Remaining at a high level makes it easy to quickly iterate the design without time delays. The design looks unfinished so no one feels they cannot contribute, and it has cost little time and money to create it, so the team won’t stick with bad ideas because of a sunk-cost bias.

Creating a complete, end-to-end Concept Design is not just a UX designer’s task. Whenever possible, I engage Engineering—software, database, API, or firmware—Product, Industrial Design, Legal, and everyone else in creating and validating the concept.

Validate the Concept

In an ideal world, you should test the concept with actual users. This is not a time to share your work with a design group on LinkedIn, run a survey, or get feedback from demos. Employ good user research methods to determine whether you’ve got the right product concept to meet users’ needs. Refer back to the measures of success you created earlier.

Prototype if you must—but only if you must and only as much as you need to. The goal is never to make a prototype, but to find the right design direction and bring the team into alignment. If a whiteboard sketch, paper prototype, or bulleted list is enough to represent a design concept, there’s no need to do more.

When a Concept Fails

If the results of concept testing are poor, start over. Either try a new concept or go all the way back to the beginning and have the team consider the test results as new input. Never consider failure a personal or procedural mistake, but a learning experience that provides valid data you can use to create a better product.

Output of Concept Design

  • high-level task flow
  • high-level data architecture for service design
  • conceptual UI and interaction design
  • proposed software design

Operational Planning

It is now time to nail down everything else. Everything. Make sure there are no open questions about the product. Make sure Marketing has a plan to support the product, that it meets the requirements for security and legal approvals, and so on. (I’ve worked for a year on a product that never launched because of legal issues.)

This is also the last effective time to decide who belongs on the project team and who else you need to coordinate with. For example, when you launch, your Customer Service organization has to be able to support the product. They won’t be able to do that well if you notify them just ten days before launch. Involve them—and anyone else who needs to know about the product—early on.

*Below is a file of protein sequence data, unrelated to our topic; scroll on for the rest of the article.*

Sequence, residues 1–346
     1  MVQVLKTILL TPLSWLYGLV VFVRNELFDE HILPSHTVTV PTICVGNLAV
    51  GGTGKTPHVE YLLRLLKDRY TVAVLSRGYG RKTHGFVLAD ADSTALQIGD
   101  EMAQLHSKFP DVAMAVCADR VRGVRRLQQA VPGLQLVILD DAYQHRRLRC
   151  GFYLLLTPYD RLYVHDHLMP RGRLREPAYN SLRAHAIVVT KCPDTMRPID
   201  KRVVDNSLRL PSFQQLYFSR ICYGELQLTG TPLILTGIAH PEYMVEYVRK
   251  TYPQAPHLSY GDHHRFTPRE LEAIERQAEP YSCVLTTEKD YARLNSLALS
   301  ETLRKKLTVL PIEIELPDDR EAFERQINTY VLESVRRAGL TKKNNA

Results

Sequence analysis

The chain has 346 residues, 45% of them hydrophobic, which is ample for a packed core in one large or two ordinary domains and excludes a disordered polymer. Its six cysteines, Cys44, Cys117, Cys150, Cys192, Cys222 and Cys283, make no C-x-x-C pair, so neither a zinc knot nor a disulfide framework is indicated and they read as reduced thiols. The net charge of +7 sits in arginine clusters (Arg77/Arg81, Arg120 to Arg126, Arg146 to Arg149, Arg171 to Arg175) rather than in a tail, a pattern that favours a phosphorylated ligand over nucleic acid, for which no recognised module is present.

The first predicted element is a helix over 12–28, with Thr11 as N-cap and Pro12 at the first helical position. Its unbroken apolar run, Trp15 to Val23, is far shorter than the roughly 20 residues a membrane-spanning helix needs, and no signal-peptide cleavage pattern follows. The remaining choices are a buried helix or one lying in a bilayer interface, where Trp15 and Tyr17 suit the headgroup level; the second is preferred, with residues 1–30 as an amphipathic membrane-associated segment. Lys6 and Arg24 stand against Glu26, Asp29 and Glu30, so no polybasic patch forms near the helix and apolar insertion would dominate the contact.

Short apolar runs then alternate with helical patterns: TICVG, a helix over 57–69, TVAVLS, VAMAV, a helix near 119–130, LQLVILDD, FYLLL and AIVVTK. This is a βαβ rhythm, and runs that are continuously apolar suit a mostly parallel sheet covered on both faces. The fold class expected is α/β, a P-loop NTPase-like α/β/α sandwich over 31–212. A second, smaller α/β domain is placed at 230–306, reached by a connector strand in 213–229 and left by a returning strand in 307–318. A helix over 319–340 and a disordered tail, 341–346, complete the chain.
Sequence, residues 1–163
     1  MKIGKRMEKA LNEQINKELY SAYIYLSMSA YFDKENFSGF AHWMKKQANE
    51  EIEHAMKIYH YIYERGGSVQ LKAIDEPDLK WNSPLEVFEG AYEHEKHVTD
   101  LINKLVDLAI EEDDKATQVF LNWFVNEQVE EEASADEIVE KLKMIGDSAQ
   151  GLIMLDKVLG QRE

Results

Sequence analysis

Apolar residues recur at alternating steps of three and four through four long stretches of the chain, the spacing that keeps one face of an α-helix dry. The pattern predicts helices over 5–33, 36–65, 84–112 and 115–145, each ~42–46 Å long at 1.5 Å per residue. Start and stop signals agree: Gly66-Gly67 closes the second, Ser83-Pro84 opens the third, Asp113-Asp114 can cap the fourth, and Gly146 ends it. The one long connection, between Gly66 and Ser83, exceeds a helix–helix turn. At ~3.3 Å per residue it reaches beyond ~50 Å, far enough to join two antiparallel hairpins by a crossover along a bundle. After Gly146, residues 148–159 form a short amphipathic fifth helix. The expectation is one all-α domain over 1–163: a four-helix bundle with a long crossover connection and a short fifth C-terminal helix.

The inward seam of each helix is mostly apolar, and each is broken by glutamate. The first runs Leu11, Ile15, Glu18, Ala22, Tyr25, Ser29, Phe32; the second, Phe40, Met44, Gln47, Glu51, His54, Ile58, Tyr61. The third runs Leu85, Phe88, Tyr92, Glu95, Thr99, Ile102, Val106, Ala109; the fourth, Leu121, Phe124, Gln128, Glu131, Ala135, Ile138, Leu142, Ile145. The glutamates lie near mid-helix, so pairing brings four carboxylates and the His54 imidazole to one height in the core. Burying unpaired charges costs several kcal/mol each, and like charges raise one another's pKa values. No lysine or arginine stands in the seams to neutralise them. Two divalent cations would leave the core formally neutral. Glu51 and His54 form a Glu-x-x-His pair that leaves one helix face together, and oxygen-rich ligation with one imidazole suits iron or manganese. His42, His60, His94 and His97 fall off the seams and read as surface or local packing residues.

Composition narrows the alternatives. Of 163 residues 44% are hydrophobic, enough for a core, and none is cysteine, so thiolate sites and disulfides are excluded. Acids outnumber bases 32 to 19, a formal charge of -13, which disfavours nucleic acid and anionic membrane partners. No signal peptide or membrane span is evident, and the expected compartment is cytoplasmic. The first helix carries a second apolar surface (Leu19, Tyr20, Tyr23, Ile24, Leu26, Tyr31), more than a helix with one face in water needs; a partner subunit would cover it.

Target Scope of Work

About midway through creating Concept Design deliverables, I generally start getting people on the project team who are confused about why we’re planning product features beyond the first release. While there may be other good design reasons, I usually explain to them that it is all about eliminating technical and UX debt. If a project team needs to make short-term, throwaway decisions, that’s fine—but only if you make them consciously and deliberately. To ensure you do that, you need to aim for a particular target.

So, around now, start making explicit plans and creating the target design. Create stories for the backlog—not just for the first release, but for whatever future you envision. For some projects, that’s five or ten years out, but for most, it’s more like 18 months.

What should you include in the target scope of work?

  • features
  • information architecture or task flow
  • data model
  • plan or design for APIs, services, and data storage
  • identity management, access control, and security
  • domains, platforms, frameworks, and technical methods
  • scale and other targets or goals that can inform additional technical decisions

This work is actually core to a lot of modern development methodologies such as agile, although people rarely talk about this work explicitly.

The backlog is everything. You’ll know what all will be in Release 1 only once you’ve done the exercise of putting everything in the backlog, prioritizing, and designing or scoping the solution.

Plan and Prepare, Technically and Operationally

In addition to making decisions on how to build the product, it is now time to prepare to build it. Make sure that everyone has installed the necessary software and systems. If you are so lucky to have them, make sure that there is a shared workspace for all members of the project team. Make sure that the Internet works everywhere, there are plenty of spare whiteboard markers, and conference bridge numbers work.

Team leaders must have their standards in place—from design style guides to code practices—so product work that you do in six months meshes seamlessly with the work you do initially.

Plan for the end state now. Sure, sometimes it is important to plan for a product’s end of life. But initially, you must at least plan how you’ll actually launch the product. Do you own a good domain name? Are servers set up? Do you have Play Store and AppStore accounts? (I’ve been on Web projects for which contractors had to be hired to create trenches in which to lay fiber between data centers.) Get all of your advance planning done now. Of course, you will iterate on the product design as you go forward, but not on the methods that will get you there.